Shared visions, common research futures
The future of Creative Industries: implications for research policy
“Society and economy” is changing, driven by the rise of human creativity, which becomes a key source of competitive advantage.The rise of the “Creative Economy” is drawing the spheres of innovation (technological creativity), business (economic creativity) and culture (artistic and cultural creativity) into one another, in more intimate and more powerful combinations than ever” (Florida, The rise of creative class, 2000, p. 201).
Lying at the crossroads between the arts, business and technology, the creative industries can be defined as “those industries that have their origin in individual creativity, skill and talent and which have a potential for wealth and job creation through the generation and exploitation of intellectual property (UK Creative Industries Task Force, 1997)”.
The sector comprises a large variety of creative fields, from those heavily industrialized such as advertising and marketing, broadcasting, film industries, Internet and mobile content industry, music industries, print and electronic publishing, and video and computer games to those less industrialized, traditional fields of visual arts (painting, sculpture), performing arts (theatre, opera, concerts, and dance), and museums and library services. Other creative activities include the crafts, fashion, design industry and household objects. They might include architecture, cultural tourism, and even sport.
The explosion of the sector might be explained through a series of factors. One possible reason is that the increasing of work productivity under the influence of the new ICT technologies led to the development of new spheres of consumption, both in the knowledge-related and leisure activities. Secondly, the growth of complexity and uncertainty in social and economic life, the aim of innovation and competitiveness, the issue of wealth creation call for answers to complex issues, enlarging the working perimeter of professionals that develop knowledge (or simply ideas) from the researchers’ category to other types of creative professionals. Within this approach the research activity is being placed more and more in the same perimeter with the arts and culture, contributing to the so-called "new Creative Economy". According to Richard Florida, the creative professionals represent a significant part of the economy in the developed countries, the core part being represented by the fields having the economic function to create new ideas, new technology and new creative content: science and engineering, architecture and design, education, arts, music and entertainment.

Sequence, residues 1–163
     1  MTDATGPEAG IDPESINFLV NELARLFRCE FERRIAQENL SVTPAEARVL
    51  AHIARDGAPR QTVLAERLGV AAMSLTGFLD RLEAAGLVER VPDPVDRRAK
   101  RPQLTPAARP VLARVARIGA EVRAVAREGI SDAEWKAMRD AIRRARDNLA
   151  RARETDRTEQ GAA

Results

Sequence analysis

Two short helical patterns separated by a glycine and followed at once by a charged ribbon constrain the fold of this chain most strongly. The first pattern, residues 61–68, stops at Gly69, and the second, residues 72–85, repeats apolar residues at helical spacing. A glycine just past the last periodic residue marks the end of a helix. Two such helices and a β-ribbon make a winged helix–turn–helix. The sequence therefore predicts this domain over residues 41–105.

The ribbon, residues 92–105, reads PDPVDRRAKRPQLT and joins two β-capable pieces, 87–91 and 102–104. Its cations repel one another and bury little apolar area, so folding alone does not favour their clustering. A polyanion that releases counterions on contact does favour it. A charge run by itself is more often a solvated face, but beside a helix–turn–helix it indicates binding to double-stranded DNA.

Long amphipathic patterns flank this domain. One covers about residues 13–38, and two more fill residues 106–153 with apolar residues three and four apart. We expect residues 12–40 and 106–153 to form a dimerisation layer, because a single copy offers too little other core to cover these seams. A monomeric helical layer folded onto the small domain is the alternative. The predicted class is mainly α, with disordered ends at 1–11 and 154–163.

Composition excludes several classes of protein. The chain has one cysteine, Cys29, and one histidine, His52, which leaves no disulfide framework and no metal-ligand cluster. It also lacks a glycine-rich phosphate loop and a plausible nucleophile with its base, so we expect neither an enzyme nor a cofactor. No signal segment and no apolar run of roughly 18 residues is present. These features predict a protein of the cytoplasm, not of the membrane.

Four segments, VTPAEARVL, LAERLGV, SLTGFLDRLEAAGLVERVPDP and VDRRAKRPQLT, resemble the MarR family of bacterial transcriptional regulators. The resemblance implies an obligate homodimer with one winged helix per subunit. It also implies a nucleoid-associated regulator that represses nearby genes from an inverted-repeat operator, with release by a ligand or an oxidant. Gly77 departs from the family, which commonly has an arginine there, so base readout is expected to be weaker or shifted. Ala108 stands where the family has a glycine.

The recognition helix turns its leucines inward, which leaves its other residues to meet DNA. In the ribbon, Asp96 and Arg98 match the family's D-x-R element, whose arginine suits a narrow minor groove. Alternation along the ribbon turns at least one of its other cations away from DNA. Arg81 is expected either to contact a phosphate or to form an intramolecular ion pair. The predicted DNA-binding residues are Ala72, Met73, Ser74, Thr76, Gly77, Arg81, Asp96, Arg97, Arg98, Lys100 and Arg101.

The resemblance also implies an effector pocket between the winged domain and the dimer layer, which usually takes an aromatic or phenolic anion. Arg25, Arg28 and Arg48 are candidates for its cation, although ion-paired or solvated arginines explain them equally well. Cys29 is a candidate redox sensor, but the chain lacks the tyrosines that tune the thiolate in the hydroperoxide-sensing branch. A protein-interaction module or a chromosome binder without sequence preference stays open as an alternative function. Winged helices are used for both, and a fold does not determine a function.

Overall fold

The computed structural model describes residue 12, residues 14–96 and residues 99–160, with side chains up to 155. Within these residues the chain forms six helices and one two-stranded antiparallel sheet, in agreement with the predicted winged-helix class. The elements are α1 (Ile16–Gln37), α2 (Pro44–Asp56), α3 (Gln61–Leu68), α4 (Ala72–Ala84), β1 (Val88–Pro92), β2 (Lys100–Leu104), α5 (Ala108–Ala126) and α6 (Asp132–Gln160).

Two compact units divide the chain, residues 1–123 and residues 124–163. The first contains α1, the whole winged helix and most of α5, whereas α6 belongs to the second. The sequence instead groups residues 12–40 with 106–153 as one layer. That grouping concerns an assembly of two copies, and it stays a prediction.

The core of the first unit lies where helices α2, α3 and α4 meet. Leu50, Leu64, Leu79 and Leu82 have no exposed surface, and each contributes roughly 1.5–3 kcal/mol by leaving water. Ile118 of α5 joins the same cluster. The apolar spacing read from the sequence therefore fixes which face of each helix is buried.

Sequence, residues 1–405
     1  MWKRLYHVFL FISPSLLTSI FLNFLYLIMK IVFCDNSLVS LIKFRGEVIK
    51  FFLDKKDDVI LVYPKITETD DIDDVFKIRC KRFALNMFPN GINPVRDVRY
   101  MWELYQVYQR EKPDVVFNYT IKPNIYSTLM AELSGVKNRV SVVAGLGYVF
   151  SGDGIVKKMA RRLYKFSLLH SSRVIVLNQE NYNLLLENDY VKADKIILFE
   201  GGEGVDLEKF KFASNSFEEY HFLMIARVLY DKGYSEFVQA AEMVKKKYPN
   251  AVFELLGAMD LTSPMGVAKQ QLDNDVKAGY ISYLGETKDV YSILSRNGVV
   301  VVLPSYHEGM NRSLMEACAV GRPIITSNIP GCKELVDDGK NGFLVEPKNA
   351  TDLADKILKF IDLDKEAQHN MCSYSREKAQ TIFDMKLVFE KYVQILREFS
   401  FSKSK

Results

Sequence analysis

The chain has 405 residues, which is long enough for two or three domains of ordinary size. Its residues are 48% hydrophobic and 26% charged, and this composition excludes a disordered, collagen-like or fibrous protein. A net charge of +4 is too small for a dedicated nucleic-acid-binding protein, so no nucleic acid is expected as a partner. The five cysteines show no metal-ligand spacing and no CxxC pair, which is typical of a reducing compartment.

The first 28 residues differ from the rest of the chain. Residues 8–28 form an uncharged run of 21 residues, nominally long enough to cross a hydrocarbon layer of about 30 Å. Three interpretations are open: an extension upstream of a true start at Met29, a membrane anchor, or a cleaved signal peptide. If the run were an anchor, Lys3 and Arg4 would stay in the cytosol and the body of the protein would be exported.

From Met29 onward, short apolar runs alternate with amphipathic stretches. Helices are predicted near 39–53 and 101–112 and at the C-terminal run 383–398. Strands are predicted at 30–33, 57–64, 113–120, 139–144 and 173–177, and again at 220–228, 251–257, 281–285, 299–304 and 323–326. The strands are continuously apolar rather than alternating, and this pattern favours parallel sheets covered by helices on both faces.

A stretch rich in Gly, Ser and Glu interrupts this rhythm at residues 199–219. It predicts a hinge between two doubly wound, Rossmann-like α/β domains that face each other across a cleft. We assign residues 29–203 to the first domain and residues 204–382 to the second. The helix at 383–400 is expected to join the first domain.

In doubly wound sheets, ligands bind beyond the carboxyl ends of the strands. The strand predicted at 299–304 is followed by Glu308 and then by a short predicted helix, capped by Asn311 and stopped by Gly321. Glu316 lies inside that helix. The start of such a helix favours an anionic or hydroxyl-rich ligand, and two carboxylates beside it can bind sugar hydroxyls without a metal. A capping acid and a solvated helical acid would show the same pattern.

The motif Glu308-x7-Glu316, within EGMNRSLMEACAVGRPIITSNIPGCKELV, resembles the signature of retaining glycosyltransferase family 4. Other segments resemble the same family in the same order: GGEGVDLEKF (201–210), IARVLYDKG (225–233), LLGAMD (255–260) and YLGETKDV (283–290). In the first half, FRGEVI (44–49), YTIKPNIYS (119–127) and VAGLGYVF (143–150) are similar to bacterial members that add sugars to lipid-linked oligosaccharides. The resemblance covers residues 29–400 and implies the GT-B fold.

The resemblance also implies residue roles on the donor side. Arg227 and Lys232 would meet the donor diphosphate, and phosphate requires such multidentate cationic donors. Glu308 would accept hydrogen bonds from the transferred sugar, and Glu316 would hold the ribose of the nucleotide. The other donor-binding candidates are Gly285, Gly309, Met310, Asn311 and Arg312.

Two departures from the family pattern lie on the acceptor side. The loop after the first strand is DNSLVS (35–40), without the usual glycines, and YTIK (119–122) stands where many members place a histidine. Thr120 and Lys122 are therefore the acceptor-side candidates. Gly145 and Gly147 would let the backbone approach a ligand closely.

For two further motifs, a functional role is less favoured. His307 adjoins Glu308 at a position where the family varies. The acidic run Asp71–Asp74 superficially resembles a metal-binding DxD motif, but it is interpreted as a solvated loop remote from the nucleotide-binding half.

The creative economy
The creative industries represent already a leading sector of the economy in the OECD countries, with an annual growth rates between 5 and 20 percent. The sector is increasingly important for the knowledge-based economy as it is knowledge and labour intensive and fosters innovation; it has a huge potential for generation of employment and export expansion.
This Working Paper identifies possible research needs for the sector, based on main policy challenges. Among them the technological challenges occupy a central place, approaching issues such as: changing of industries value chain under digital coding and therefore highlighting the need for new business models, the challenge of developing content for the new digital technologies, the Internet as future locus of art consumption, or the new distribution channels – like mobile online content and ad hoc device networks. Beside the technological challenges, issues such as cultural diversity and the circulation and exchange of cultural products are among the current concerns of the cultural policy. The influence of innovation on the consumption patterns represents another research issue of clear policy relevance. Moreover, the new patterns of consumption determined by the raise of the "new creative class" is considered to have an increasing influence on the local and regional development.
This working paper will be soon available in the “Foresight Working Document series”: “Future of creative Industries: implications for research policy, by Carmen Marcus, April 2005 (EUR 21471).